Use of a warm compress before feeding your baby can assist unclog your milk duct and encourage the flow of breast milk.
If you can't afford one of the warm compresses made specifically for breasts, use your hand towel instead.
Wrap it around your breast after wetting it with hot tap water.
For at least 15-20 minutes at a time, or as long as the washcloth remains warm, leave it on the breast.
Apply the warm compress once more every several hours after that.
This method works very well to stimulate breast milk production just before feeding the infant.
4. Take a relaxing warm shower
How do you do this? Never worry because it is very simple.
Turn on your shower and stand under it.
Allow the stream from a warm shower to assist in clearing the obstruction by standing underneath it so the water hits the troublesome area.
The pressure and heat will aid in clearing the obstruction, and as an added perk, a warm shower is soothing.
While taking a shower, hand-expressing milk or employing hand-massaging the breast along with a switched warm shower will assist in clearing the clog.
5. Utilize gravity to your benefit.
I doubt if you know that the force of gravity has a role to play in breastfeeding. Let's see how that can be possible.
"Dangle feeding" is one method of nursing a child that can aid in clearing a blockage. This entails breastfeeding while hunched over the infant or situating the infant to feed from beneath the breast so gravity can help clear your duct.
You can try a similar method when pumping: pump while stooping so that your nipples point downward and the milk can fall naturally.
Doing these two can help prevent clogged areas during breastfeeding with ease.
6. Utilize Epsom salts
According to some mothers, bathing the breasts in a warm Epsom salt bath for 10 to 20 minutes is another way on how to get rid of a clogged milk duct.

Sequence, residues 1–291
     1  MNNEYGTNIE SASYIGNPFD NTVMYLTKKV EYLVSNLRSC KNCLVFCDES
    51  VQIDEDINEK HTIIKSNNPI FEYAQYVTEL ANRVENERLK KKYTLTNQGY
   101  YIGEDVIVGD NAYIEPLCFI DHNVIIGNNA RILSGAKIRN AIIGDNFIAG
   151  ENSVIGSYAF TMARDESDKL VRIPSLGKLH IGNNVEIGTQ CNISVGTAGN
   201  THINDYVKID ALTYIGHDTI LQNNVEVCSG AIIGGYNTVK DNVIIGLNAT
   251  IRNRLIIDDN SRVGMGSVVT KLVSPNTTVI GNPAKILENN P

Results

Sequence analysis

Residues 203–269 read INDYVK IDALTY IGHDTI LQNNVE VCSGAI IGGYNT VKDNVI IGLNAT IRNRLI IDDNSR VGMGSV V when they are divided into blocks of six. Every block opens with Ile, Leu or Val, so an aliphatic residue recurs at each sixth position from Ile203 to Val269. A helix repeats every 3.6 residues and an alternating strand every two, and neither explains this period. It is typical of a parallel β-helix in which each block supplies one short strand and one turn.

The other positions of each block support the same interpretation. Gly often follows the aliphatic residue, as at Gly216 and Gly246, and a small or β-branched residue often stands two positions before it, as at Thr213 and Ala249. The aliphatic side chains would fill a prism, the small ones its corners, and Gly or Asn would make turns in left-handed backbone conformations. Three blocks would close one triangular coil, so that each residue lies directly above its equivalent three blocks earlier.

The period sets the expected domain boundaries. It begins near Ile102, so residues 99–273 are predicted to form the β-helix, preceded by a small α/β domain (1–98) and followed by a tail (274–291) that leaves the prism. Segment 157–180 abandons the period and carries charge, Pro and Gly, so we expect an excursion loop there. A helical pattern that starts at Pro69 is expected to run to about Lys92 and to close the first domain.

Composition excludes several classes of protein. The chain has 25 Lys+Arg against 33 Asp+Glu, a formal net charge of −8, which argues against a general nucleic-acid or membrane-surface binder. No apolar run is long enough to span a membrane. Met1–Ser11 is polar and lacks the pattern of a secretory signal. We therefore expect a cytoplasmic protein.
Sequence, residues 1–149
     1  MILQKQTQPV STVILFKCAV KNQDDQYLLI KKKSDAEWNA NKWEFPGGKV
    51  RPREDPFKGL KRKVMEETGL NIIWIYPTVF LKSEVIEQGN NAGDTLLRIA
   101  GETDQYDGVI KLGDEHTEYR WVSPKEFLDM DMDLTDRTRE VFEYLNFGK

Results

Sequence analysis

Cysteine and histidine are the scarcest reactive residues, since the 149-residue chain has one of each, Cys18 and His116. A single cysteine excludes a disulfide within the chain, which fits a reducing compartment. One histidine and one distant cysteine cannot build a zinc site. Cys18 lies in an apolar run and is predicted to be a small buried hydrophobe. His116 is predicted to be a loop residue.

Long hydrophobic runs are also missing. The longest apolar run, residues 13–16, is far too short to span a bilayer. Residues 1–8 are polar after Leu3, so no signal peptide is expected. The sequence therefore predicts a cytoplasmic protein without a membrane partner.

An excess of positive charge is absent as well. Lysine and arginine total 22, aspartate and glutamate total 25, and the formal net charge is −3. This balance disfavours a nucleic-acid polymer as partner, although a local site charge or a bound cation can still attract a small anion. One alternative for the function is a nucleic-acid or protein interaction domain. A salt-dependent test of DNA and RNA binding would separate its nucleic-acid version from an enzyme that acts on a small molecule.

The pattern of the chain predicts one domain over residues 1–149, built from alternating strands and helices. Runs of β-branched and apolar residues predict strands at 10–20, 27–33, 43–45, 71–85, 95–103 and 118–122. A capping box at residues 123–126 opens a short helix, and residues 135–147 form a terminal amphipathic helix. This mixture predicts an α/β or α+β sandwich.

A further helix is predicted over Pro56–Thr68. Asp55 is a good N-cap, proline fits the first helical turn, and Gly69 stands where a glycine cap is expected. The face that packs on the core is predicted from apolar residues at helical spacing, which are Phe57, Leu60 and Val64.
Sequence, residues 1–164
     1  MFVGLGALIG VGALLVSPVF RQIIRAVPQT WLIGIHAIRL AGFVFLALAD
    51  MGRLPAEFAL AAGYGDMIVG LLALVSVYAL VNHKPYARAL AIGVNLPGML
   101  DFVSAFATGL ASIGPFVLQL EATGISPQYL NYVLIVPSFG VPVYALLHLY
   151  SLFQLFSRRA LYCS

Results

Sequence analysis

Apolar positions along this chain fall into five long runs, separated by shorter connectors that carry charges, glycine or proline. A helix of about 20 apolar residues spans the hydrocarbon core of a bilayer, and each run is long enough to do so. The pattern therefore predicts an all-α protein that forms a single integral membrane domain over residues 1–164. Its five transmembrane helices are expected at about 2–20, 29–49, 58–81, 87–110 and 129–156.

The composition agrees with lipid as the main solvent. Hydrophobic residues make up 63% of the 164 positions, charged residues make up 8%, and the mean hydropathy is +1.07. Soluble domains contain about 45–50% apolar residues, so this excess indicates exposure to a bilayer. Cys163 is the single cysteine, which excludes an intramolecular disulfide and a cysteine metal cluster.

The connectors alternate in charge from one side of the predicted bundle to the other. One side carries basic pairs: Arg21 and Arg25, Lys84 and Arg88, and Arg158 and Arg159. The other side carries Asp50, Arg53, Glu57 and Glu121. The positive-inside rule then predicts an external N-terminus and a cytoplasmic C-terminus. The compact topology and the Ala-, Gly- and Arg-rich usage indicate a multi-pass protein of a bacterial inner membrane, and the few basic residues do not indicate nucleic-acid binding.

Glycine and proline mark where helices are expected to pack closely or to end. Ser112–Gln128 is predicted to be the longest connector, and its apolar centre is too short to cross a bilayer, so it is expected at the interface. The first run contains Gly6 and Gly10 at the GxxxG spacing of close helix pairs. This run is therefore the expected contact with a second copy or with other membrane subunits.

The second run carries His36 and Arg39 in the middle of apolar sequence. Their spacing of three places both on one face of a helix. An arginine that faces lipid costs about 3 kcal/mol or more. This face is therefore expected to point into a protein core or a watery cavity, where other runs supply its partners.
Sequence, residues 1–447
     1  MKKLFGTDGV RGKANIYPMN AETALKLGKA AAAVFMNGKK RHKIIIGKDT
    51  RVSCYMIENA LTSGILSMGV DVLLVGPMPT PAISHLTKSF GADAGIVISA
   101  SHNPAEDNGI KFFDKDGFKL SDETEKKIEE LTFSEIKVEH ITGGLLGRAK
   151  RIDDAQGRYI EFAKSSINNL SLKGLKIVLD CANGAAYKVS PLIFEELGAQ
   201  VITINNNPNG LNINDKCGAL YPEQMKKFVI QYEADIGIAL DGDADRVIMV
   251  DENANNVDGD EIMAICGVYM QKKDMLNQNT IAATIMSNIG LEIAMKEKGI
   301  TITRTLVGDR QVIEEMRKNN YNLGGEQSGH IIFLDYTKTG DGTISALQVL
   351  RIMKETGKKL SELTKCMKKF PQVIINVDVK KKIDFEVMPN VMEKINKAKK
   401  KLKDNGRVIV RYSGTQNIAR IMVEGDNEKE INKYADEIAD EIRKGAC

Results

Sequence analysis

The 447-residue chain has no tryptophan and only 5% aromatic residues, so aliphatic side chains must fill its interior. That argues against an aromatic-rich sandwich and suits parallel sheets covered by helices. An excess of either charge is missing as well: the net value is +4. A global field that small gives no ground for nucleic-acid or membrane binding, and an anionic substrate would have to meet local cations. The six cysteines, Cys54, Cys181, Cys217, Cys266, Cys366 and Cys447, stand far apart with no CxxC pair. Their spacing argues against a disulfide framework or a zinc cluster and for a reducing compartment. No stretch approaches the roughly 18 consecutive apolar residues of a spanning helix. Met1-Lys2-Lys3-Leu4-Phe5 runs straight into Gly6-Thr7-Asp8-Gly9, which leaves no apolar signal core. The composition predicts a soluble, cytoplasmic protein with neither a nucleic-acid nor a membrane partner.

Other mothers have used a Haakaa, a manual suction-style breast pump, and half-filled it with hot water and a tablespoon or two of Epsom salts. Following that, they immersed the nipple in the salt solution while allowing suction to attach to the pump.
They then left the pump attached for 10 to 15 minutes.
You can try this as a breastfeeding mother with a clogged milk duct, trust me it is a good one though.
7. Use of supplement
The use of supplements like Lecithin will help make the milk less "sticky" so it flows more smoothly.
Sunflower lecithin is a good brand frequently used by mothers who discover that their babies cannot take soy lecithin.
And truth be told, clogs can be avoided with routine dosing.
But please consult your doctor before taking any supplements as a breastfeeding mother.
8. Use of ice
Another amazing way ono how to get rid of a clogged milk duct is to tuck an ice pack into your bra to reduce pain and swelling. For this use, the gel ice packs with soft covers designed for children's bruising and bumps work will work perfectly well
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A clogged milk duct should clear up in 24 hours if you've tried at least some of the methods mentioned above, but if it returns or persists with other symptoms in addition to a painful lump, such as a fever, chills, flu-like aching, and malaise, it may also be a sign of mastitis caused by the clogged ducts.
Therefore, it's crucial to start treating one as soon as you see one to prevent the development of mastitis.
If you suspect mastitis, you should consult your doctor because it requires medical care and prescription medication to clear.